A former client came in to see me the other day. He was just hurt in a car accident where another car made a left turn in front of him, and he wanted me to represent him and also his family and loved ones that were passengers in his car. I had to tell him that while I would be happy to represent him, his passengers would need to hire a different attorney. He was a little unhappy with me, so I had to explain to him about conflicts of interest.
Attorneys are supposed to represent their clients competently and diligently and to the utmost of their abilities. Attorneys are not allowed to accept employment where their loyalties may be divided.
Conflicts of interest can arise in many different situations.
New York Lawyer Disciplinary Rule 5-101(a) states:
A lawyer shall not accept or continue employment if the exercise of professional judgment on behalf of the client will be or reasonably may be affected by the lawyer’s own financial, business, property, or personal interests, unless a disinterested lawyer would believe that the representation of the client will not be adversely affected thereby and the client consents to the representation after full disclosure of the implications of the lawyer’s interest.
This means, “Don’t go into business with your client.” Many lawyers have gotten into ethical trouble for entering into business relationships or partnerships with people they represent, and then fighting with them. This rule can also mean that a lawyer shouldn’t take piece of a client’s business instead of a cash fee, if it might affect his or her professional judgment.
New York Lawyer Disciplinary Rule 5-105(a) states:
A lawyer shall decline proffered employment if the exercise of independent professional judgment in behalf of a client will be or is likely to be adversely affected by the acceptance of the proffered employment, or if it would be likely to involve the lawyer in representing differing interests….
Disciplinary Rule 5-101 prohibits conflicts between the interests of a lawyer and the interests of a client. DR 5-105 prohibits a lawyer from representing more than one client if their interests conflict. This means “Don’t be greedy,” accept one client only, or accept only those clients who have like legal interests.
For example, one lawyer can’t represent both a buyer and a seller in a real estate deal ‘ such as the sale/purchase of a house. Although this may seem like common sense, it’s been attempted.
Also, lawyers can’t represent opposing parties in a lawsuit. For example, an attorney can not represent both the plaintiff (the party bringing the action) and the defendant (the party the action is being brought against).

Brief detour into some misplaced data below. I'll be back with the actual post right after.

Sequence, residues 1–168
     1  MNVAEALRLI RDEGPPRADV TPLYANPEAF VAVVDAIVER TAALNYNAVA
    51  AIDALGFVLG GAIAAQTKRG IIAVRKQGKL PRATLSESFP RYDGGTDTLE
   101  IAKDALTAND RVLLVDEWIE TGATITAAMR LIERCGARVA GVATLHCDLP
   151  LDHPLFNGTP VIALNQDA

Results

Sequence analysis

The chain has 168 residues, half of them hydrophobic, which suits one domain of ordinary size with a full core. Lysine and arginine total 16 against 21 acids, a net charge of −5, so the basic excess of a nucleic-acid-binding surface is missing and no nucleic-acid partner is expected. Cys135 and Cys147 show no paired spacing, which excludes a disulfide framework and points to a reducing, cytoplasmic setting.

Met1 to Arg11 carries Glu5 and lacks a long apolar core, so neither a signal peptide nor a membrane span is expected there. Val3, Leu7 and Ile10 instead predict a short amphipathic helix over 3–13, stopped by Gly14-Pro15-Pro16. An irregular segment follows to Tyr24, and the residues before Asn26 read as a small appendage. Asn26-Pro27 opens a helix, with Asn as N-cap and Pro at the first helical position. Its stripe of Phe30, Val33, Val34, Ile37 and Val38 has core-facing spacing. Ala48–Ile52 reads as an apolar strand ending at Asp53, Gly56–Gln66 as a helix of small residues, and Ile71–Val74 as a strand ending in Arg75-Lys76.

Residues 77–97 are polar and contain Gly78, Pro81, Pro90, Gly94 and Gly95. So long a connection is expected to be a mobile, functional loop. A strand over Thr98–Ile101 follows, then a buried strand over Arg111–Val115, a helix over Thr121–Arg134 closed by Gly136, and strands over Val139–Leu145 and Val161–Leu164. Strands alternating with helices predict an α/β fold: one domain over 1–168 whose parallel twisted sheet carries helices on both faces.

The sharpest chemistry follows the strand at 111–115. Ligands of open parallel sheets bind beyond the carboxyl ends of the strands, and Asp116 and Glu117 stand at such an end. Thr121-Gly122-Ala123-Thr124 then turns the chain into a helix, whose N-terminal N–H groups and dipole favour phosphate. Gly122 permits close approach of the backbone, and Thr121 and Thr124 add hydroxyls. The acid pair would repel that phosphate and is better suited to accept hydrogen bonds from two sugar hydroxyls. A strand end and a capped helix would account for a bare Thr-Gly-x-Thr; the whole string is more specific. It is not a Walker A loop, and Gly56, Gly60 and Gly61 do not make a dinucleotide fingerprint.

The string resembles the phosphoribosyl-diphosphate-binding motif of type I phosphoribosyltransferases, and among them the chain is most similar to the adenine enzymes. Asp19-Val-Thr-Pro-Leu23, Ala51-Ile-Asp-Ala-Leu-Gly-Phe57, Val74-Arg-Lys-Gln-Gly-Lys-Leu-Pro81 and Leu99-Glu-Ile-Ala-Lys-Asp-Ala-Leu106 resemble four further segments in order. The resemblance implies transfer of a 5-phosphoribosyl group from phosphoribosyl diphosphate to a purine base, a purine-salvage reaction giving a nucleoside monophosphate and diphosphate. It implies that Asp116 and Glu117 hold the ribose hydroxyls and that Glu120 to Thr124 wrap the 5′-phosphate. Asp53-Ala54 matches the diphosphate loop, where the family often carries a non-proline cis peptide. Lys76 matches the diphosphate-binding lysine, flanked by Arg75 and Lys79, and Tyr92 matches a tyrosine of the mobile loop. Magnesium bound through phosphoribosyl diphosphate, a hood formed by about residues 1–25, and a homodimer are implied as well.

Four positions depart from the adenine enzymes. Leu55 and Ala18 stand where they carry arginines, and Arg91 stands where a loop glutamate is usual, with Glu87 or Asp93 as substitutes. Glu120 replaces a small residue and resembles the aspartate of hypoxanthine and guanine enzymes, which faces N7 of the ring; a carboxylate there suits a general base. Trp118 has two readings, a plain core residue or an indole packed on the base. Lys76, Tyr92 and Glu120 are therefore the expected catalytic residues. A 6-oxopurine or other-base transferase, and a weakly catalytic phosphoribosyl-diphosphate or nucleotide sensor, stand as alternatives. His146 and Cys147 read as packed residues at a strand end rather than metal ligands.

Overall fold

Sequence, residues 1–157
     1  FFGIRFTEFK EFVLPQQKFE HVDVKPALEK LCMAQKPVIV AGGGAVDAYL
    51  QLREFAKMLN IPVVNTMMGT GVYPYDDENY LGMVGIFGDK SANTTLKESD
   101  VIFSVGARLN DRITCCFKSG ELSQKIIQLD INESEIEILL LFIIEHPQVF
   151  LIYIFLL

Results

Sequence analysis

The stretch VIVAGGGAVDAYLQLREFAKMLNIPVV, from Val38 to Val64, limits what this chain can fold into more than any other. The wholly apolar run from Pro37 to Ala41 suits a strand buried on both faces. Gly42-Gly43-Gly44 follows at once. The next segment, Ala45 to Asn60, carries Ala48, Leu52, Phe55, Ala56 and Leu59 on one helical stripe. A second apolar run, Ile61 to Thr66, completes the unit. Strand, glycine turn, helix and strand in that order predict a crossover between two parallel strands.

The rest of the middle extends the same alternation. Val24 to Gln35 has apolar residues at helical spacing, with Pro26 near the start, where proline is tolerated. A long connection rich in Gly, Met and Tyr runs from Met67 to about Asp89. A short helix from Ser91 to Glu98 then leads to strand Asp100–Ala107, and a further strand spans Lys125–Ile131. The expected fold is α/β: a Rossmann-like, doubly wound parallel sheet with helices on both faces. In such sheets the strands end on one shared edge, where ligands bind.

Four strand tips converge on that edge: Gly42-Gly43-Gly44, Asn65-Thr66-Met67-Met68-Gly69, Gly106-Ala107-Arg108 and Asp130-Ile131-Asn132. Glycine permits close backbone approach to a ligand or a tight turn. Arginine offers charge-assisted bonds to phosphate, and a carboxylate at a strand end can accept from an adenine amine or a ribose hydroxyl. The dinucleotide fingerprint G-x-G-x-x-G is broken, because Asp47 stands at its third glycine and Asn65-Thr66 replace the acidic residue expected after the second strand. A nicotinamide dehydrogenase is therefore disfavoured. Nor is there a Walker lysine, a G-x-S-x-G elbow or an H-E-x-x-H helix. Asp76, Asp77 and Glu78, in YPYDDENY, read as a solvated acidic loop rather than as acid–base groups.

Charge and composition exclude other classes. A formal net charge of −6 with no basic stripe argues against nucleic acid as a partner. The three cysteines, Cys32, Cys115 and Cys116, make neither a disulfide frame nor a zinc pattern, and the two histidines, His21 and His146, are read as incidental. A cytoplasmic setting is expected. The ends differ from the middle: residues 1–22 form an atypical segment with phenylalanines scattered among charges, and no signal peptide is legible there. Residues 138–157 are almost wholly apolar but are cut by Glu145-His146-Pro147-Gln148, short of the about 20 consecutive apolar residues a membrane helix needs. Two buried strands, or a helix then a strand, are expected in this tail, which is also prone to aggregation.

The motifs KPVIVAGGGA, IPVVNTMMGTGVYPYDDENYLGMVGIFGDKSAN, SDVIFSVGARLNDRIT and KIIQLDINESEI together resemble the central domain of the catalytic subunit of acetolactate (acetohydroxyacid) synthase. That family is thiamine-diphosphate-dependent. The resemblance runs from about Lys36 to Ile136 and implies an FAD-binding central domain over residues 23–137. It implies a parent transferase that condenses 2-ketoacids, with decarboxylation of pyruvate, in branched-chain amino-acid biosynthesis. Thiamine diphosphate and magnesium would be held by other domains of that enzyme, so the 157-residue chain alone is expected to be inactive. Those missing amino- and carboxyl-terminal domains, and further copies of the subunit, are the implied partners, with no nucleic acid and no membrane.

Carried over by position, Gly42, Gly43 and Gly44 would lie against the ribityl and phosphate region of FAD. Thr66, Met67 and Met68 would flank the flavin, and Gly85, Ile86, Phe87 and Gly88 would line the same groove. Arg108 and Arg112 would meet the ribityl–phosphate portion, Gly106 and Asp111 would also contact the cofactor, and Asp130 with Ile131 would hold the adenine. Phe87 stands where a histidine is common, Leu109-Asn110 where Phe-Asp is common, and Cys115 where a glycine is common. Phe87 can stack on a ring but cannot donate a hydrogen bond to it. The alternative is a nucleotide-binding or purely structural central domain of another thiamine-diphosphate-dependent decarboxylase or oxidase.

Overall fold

It’s not really about the lawyer possibly seeking two fees, but the danger lies more in the fact that one client may benefit through the use of confidential information obtained from the other.
In addition to the possible misuse of confidential information, DR 5-105 seeks to avoid the possibility that a lawyer with two clients with differing or adverse interests might not fight as hard as he or she could for one against the other.
Can one client consent to an attorney representing another client with an adverse interest? The answer is, “sometimes.” To circle back to my original problem ‘ the former client who wanted me to represent him and his passengers ‘ it would have been unwise for me to try to represent both driver and passengers. The reason being: if my former client (a driver) was found even just 1% at fault for causing the accident, that would deprive his passengers of a pocket to reach their hands into. Put differently, they might get less money with only one car driver to sue, rather than two.
A court has held: A law firm’s representation of both infant passenger and his mother as plaintiffs in personal injury action arising from a collision created a conflict of interest that required the firm’s disqualification, although the passenger did not assert a claim against his mother; the passenger’s failure to assert a claim against his mother, who was driving at time of collision, did not resolve the issue of her negligence, so as to eliminate potentially differing interests of co-plaintiffs. Shaikh ex rel. Shaikh v. Waiters, 2000, 185 Misc.2d 52.
Finally, and in case you were wondering, while not exactly a “conflict of interest,” a lawyer cannot have sexual relations with a client unless a consensual relationship already existed between them before the attorney-client relationship commenced.
New York Regulation Section 1200.29-a states:
(b) A lawyer shall not:
(1) require or demand sexual relations with a client or third party incident to or as a condition of any professional representation;
(2) employ coercion, intimidation, or undue influence in entering into sexual relations with a client; or
(3) in domestic relations matters [such as a divorce], enter into sexual relations with a client during the course of the lawyer’s representation of the client.
Believe me, we wouldn’t need the rule if these things didn’t happen.